We pride ourselves on employing disabled people and people with experience of mental health difficulties to work on projects. This might be co-delivering training, checking the quality of services, presenting at a conference or delivering a community based project.

In 2016-2017 we employed 15 disabled people and 4 people with lived experience of mental health difficulties in these roles. We also advise and train in best practice in recruitment and supporting disabled individuals in the workplace.

If you are disabled and/or have experience of mental health difficulties, and you are interested in finding out more about working with us, email us at [email protected] or ring us on 0300 302 0770. Please be aware we are not office based, so you may have to leave your message on an answer machine and we will get back to you.

Having a good job gives you economic security, a sense of satisfaction and wellbeing, it’s a place where we make friends and maybe meet our future partner. For disabled people and people with mental health difficulties, this world is often closed to them.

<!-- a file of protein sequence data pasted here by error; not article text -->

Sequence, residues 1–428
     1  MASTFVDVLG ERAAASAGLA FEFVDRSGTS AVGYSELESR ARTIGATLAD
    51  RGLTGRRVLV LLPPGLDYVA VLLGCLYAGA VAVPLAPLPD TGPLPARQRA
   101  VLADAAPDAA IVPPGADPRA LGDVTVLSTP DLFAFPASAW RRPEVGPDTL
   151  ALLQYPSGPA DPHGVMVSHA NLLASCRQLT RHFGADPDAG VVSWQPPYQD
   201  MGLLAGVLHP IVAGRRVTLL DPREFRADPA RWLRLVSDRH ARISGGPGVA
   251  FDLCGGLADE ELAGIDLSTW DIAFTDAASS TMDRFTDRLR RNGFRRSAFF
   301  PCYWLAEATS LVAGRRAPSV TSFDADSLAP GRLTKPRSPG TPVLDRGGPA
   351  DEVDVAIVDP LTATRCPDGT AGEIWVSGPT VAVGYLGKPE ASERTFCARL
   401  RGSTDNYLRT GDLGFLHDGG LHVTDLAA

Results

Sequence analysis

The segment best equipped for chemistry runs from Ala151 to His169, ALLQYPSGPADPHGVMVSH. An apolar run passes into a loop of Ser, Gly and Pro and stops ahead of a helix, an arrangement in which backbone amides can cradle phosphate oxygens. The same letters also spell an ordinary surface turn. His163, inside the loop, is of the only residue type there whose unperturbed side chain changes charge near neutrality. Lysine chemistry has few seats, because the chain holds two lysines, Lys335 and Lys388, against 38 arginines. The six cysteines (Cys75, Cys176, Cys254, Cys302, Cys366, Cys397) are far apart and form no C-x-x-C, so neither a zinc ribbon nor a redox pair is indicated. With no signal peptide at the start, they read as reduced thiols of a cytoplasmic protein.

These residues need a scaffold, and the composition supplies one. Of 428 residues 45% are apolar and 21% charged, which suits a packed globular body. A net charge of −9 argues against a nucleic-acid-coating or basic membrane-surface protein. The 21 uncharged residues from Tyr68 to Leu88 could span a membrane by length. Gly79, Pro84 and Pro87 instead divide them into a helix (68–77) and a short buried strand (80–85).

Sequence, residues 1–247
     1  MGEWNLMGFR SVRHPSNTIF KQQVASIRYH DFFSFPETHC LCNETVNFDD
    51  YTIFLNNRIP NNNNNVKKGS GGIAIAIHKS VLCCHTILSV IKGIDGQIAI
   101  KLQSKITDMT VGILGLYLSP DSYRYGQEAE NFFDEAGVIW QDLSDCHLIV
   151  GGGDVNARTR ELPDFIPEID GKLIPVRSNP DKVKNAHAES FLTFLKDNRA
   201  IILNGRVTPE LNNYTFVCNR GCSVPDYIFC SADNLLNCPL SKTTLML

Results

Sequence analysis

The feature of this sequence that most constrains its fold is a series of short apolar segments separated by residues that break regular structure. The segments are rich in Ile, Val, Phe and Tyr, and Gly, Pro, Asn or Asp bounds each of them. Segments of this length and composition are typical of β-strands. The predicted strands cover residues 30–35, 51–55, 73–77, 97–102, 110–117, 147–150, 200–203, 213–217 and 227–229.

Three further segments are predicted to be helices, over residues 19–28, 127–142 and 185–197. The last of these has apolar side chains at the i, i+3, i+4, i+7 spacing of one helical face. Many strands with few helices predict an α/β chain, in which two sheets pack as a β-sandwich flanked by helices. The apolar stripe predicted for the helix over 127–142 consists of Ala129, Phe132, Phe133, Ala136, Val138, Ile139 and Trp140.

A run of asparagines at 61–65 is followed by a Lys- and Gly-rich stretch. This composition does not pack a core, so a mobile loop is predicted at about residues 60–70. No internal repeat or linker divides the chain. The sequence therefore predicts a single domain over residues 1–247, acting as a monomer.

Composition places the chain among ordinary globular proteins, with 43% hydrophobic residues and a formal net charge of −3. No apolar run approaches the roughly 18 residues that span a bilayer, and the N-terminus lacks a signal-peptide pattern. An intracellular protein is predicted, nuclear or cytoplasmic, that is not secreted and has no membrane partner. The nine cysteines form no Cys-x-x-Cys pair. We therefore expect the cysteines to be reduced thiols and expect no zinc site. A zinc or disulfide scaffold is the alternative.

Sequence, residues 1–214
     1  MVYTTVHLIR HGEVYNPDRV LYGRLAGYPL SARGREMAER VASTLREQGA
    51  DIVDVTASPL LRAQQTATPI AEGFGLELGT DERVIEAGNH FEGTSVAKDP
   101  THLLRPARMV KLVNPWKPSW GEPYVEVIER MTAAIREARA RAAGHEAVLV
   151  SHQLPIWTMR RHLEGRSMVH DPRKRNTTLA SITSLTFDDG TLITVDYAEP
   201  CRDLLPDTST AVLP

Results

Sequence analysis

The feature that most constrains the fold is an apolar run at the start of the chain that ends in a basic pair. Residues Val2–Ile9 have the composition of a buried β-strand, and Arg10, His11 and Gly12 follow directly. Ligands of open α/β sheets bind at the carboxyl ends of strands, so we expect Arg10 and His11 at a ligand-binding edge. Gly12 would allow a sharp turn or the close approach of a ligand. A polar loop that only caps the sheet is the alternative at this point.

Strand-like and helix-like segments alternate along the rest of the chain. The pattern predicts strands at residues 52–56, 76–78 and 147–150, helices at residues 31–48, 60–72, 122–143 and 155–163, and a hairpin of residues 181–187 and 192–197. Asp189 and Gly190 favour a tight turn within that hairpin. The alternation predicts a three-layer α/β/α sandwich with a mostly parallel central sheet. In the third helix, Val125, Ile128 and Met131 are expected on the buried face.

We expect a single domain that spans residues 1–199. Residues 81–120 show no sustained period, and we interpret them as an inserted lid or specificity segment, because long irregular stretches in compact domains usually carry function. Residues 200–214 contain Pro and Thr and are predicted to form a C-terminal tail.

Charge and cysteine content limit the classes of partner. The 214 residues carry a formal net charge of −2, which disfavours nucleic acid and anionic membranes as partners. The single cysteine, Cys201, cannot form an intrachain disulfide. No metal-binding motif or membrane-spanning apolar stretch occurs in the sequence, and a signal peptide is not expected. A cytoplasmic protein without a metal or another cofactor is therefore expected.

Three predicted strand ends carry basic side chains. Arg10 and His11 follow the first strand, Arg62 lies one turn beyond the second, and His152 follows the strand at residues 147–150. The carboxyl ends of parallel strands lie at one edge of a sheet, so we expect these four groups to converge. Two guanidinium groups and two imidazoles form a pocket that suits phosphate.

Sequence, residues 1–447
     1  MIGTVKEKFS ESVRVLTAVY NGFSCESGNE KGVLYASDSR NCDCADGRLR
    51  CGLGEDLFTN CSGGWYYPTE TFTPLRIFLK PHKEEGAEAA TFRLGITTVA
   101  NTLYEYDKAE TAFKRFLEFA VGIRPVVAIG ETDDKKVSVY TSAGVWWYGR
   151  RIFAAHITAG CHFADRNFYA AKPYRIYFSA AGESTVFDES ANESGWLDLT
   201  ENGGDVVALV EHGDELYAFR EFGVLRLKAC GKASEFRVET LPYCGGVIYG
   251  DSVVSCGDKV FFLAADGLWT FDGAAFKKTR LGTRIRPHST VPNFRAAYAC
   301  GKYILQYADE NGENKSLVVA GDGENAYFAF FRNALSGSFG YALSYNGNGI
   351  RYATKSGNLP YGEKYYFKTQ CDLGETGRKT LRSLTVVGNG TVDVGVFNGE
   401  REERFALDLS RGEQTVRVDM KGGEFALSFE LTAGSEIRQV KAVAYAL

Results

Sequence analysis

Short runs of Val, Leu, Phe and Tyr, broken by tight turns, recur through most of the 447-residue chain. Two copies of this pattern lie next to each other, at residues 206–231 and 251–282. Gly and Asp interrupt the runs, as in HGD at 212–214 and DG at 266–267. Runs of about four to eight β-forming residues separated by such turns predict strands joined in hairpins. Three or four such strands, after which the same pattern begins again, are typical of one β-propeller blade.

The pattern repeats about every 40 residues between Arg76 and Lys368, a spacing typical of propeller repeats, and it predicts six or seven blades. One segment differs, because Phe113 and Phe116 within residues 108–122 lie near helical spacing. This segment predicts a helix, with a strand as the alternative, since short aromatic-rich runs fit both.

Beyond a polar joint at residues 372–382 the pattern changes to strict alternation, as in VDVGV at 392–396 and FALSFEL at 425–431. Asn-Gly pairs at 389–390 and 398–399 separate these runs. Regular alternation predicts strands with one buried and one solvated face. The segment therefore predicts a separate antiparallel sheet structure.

Disabled people and people with mental health difficulties are more likely to be out of work than the general population.

  • In 2016 only 48 out of every 100 disabled people were in paid work, whilst 80 out of every 100 non-disabled people were in paid work. (Dept. for Work and Pensions, Dept. of Health (October 2016) Improving Lives: The Work, Health and Disability Green Paper)
  • For people with learning disabilities this figure is even higher with only 6% of adults with learning disabilities known to local councils in paid work. (Health and Social Care Information Centre, (2015) Measures from the Adult Social Care Outcomes Framework: England 2014-15.)
  • A TUC report in May 2017 found that 1 in 4 people experiencing long term mental health difficulties were in work. (TUC, (May 2017) Mental health and employment)